Multiculturalism and the Foundations of Meaningful Life
Reconciling Autonomy, Identity, and Community
Theories of liberal multiculturalism seek to reconcile cultural rights with universal liberal principles. Some focus on individual autonomy; others emphasize communal identity. Andrew Robinson argues that liberal multiculturalism can be justified without privileging either. By appealing to the deeper value of meaningful life, he shows how autonomy and community are actually interdependent. He concludes by illustrating - with reference to national and ethnic minorities, indigenous peoples, and traditional communities - the policy principles that can be derived from this position.
- Published: 2008
- Subject Listing: Political Science, Sociology
- Bibliographic information: 216 pp., 6 x 9 in.
- Territorial rights: Usa Only
- Distributed for: UBC Press
An innovative account of the theory and practice of liberal multiculturalism, Multiculturalism and the Foundations of Meaningful Life will interest students, scholars, activists and policy makers working in areas of political theory, multiculturalism, indigenous peoples, and ethnic and religious minorities.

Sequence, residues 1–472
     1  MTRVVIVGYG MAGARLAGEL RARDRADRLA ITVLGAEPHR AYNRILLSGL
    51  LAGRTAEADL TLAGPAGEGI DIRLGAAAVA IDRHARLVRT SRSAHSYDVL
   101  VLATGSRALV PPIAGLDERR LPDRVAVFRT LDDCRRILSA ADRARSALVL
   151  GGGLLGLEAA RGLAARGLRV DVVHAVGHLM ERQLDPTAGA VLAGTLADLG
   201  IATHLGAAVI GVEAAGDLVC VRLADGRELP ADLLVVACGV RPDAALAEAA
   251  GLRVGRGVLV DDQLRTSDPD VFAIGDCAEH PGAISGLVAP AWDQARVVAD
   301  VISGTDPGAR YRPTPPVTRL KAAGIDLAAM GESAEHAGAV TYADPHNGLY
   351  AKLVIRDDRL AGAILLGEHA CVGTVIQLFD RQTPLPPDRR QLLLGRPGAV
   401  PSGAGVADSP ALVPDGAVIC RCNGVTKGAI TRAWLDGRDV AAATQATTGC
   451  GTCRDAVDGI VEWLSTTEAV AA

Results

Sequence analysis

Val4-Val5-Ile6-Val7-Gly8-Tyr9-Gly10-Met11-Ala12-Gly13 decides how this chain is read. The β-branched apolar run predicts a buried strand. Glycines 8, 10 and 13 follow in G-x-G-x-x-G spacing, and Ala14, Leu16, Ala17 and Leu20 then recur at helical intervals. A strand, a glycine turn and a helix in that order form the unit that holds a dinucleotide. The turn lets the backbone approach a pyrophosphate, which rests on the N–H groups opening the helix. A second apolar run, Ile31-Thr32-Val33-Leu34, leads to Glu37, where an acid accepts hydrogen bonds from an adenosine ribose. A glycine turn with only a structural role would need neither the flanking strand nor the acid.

"An important and original work on a pressing and difficult issue. Robinson cuts through the standard terms of the liberal-multiculturalism debate and reconfigures them in a way that will fundamentally change the debate. His book is like a breath of fresh air on the subject. ."
-Don Carmichael, co-author of Democracy, Rights and Well-Being in Canada
Part 1: Inspecting the Foundations
1. Why Return to Foundational Assumptions?
Part 2: The Foundations of Meaningful Life
2. Meaningful Life and the Conception of the Person
3. Justifying Cultural Accommodation: Identification, Communities, and Contexts of Value
4. Situated Autonomy and Socialization
Part 3: A Politics of Liberal Multiculturalism
5. Defining Communities and Justifying Accommodation
6. Designing Cultural Accommodation
7. State-Community Relations